Today is the start of youth week - eight days of celebrating New Zealand's young people.

At the time of the 2013 census there were 16,683 15 to 24-year-olds living in Northland.

While it can be easy to focus on the negative when it comes to youth in the region, there is plenty to celebrate.

Throughout Youth Week Mikaela Collins will be profiling young people from around the region who are doing incredible things.

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Today is Anahera Pickering's story

Anahera Pickering says you wouldn't have recognised her two years ago.

She was 18 years old, sleeping on the streets of Whangārei, and she didn't have a vision.

It seems a world away from the confident 20-year-old who sat down to speak with the Northern Advocate about her work with the Electoral Commission, the various leadership programmes she has been involved with, and the opportunities she has jumped at.

"I'm crazy busy in life really," she said.

"I never expected myself to be doing something like this compared to the transformation I've had over the past two years. You wouldn't recognise me two years ago."

Anahera Pickering was homeless at 18 but it is now a leader and mentor for youth.

Pickering was brought up in Whangārei but moved to Australia to live with her mum when she was 8.

She moved back to Whangārei in 2013 at age 15 and attended Whangārei Girls' High School.

She said moving home opened her eyes to issues like gang culture and drugs.

I became friends with people who had a tough childhood with family members who were involved in gangs. Me not being brought up in anything like that, to go into worlds where my friends were dealing with those issues actually put a lot of weight on me.

In October 2016, Shortly after Pickering's 18th birthday, she became homeless.

She said her niece - who was 21 at the time - was homeless and couldn't live with Pickering because the family did not approve, so Pickering chose to be homeless so her niece wasn't alone.

"We ended up meeting some other people so for part of it there was about seven of us homeless people."

Pickering said when it was just herself and her niece it was "really hard".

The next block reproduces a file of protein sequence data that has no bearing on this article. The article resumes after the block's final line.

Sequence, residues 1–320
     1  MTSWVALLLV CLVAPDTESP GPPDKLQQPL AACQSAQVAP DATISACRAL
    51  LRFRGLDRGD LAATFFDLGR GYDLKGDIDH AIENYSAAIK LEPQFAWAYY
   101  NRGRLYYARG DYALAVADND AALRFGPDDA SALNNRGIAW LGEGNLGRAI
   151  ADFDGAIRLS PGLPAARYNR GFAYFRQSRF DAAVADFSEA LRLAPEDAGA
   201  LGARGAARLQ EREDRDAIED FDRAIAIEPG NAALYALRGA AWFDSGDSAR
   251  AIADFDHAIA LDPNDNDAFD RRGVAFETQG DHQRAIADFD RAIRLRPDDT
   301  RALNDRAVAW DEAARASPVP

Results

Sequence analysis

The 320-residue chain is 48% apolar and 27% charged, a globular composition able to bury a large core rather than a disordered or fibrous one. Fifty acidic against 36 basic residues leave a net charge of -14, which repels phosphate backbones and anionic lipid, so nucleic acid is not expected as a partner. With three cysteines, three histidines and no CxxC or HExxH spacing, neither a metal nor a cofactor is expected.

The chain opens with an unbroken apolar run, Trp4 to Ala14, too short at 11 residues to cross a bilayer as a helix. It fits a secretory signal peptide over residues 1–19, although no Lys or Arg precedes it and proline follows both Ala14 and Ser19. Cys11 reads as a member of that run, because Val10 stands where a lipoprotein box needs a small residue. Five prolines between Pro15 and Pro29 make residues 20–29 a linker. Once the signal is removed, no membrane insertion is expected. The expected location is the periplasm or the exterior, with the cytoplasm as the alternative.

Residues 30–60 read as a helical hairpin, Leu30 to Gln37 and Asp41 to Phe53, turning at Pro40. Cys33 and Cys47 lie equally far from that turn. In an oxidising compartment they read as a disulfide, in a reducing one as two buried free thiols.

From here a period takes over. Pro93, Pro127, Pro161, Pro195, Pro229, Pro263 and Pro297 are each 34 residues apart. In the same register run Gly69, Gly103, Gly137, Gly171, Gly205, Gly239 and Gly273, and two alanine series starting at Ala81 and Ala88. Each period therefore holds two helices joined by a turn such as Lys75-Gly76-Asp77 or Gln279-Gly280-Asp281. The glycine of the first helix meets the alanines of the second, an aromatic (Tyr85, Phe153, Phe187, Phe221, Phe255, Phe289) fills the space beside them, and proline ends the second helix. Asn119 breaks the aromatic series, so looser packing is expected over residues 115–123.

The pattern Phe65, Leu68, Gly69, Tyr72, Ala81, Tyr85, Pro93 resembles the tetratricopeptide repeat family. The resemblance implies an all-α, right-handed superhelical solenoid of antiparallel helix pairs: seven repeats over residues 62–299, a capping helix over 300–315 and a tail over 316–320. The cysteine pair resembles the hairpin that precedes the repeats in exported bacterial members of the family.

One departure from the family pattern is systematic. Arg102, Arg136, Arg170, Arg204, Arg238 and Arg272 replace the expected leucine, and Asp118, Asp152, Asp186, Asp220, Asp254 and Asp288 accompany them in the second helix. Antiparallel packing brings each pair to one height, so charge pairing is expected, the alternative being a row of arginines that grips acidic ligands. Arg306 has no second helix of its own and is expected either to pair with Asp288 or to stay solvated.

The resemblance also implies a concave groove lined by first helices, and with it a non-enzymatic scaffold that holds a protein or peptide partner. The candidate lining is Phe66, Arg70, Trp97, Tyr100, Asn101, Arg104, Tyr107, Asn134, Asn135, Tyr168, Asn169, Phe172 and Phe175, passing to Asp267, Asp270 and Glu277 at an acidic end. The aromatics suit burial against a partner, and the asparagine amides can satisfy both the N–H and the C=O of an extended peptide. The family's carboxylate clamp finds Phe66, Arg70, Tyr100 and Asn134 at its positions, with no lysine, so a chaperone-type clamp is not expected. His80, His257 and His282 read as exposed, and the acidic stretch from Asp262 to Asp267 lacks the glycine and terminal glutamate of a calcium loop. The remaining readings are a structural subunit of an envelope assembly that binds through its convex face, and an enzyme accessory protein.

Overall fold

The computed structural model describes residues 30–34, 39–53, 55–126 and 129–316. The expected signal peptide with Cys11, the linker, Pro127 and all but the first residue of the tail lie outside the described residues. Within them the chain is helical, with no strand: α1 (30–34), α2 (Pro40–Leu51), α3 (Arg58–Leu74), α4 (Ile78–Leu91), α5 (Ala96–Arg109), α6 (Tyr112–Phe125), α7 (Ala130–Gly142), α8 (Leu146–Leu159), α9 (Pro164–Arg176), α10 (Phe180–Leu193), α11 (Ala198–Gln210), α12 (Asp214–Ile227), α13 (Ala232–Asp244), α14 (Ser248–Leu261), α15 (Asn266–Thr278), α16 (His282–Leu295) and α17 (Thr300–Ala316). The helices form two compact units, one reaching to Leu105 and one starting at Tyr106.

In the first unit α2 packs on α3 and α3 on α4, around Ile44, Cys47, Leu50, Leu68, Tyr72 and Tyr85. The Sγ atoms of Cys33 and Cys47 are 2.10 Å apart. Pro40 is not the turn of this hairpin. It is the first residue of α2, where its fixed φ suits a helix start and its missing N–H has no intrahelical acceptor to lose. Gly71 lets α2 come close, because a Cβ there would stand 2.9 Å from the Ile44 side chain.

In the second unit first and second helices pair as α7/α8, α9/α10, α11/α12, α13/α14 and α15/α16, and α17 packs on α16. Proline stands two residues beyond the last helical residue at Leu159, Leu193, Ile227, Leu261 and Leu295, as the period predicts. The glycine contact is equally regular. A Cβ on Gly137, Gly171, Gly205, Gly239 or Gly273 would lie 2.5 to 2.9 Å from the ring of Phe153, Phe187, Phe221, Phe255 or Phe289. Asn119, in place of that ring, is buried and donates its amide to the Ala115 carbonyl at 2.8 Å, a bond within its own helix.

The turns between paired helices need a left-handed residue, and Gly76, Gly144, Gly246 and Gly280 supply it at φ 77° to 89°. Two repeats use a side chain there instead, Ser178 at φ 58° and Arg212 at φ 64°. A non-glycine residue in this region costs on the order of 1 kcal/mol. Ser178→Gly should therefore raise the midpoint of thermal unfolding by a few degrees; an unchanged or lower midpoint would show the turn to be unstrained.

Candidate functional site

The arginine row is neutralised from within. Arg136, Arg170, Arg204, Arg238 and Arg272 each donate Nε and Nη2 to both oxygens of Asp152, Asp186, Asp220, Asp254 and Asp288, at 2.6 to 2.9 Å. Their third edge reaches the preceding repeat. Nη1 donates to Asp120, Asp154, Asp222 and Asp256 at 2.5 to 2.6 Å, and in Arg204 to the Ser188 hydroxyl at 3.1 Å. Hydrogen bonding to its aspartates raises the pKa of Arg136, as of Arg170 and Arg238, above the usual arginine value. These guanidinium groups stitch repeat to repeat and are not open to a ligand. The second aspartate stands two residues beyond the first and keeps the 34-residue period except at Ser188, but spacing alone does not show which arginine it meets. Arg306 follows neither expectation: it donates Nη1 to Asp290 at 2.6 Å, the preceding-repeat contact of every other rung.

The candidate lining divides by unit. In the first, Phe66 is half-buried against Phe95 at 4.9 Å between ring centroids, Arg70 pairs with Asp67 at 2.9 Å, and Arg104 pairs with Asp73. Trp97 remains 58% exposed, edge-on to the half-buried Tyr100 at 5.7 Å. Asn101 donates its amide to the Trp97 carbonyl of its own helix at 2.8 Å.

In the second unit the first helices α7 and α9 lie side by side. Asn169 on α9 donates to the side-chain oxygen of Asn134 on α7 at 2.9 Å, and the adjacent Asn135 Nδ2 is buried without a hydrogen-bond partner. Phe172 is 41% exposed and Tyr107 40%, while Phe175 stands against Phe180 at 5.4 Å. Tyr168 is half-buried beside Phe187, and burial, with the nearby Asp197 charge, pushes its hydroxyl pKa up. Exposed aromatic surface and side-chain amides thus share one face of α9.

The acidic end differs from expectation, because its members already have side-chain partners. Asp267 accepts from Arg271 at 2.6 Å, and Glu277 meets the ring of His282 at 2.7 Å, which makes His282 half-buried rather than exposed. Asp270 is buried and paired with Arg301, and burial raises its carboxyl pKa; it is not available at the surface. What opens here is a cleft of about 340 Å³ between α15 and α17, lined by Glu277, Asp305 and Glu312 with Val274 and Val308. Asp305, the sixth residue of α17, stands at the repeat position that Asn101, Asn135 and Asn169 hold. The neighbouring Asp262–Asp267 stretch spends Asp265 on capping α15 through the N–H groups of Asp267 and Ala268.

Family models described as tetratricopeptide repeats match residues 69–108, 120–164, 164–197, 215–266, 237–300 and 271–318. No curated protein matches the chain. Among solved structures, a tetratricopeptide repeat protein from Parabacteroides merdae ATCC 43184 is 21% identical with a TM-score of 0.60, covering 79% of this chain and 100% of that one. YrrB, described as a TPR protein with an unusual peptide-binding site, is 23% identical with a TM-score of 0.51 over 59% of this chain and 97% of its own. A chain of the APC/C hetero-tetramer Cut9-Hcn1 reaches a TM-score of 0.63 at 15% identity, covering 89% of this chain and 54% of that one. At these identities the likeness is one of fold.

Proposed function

"It was to the point where one of us would let the other sleep while one stayed up at night. But once we became a group you felt a lot safer because you knew there was a few of you to be alert if anything happened," she said.

She was homeless for about five months and one day her former caregiver's daughter saw Pickering and offered her a place to stay.

Anahera Pickering, encouraging youth to vote during her first year as a youth advocate for the Electoral Commission. Photo / John Stone
Anahera Pickering, encouraging youth to vote during her first year as a youth advocate for the Electoral Commission. Photo / John Stone

Not long after, Pickering was walking through town and saw an Electoral Commission tent. She went to have a look because she wanted the yo-yos and other free goods.

Pickering asked a lot of questions and was encouraged to hand in a CV.

She went to Whangārei Youth Space to help put one together, sent it in, had an interview, and started as a youth advocate for the Electoral Commission - a role piloted to get youth involved in the election.

"Life got good real quick ... That was my first ever proper job."

Pickering is still working for the Electoral Commission as an electoral administrative assistant and community liaison.

She has also been mentoring at Whangārei Youth Space and is involved with Whangārei Future Leaders - a programme which supports young people to make a difference.

Last year, as a future leader, she was a panellist alongside Housing Minister Phil Twyford at Festival for the Future - an event filled with inspiring speakers, panels, workshops and more.

Anahera Pickering and Amy Barclay at the Chalk the Talk event last year. Photo / John Stone
Anahera Pickering and Amy Barclay at the Chalk the Talk event last year. Photo / John Stone

This year she is a coach for Whangārei Future Leaders.

"When I was 18 I didn't have a vision, I didn't really know what I wanted to do. I didn't know how to apply for jobs, or how to write a CV or anything like that.

"Now I am very confident in what I want to do ... I want to do a lot of things," she said.

Pickering said although being homeless was hard, she wouldn't take it back.

"You appreciate little things - you want to bake and you want to do the dishes. It even made me treat people better."

Her advice to other Northland youth?

"It all depends on you. You can move mountains if you want to."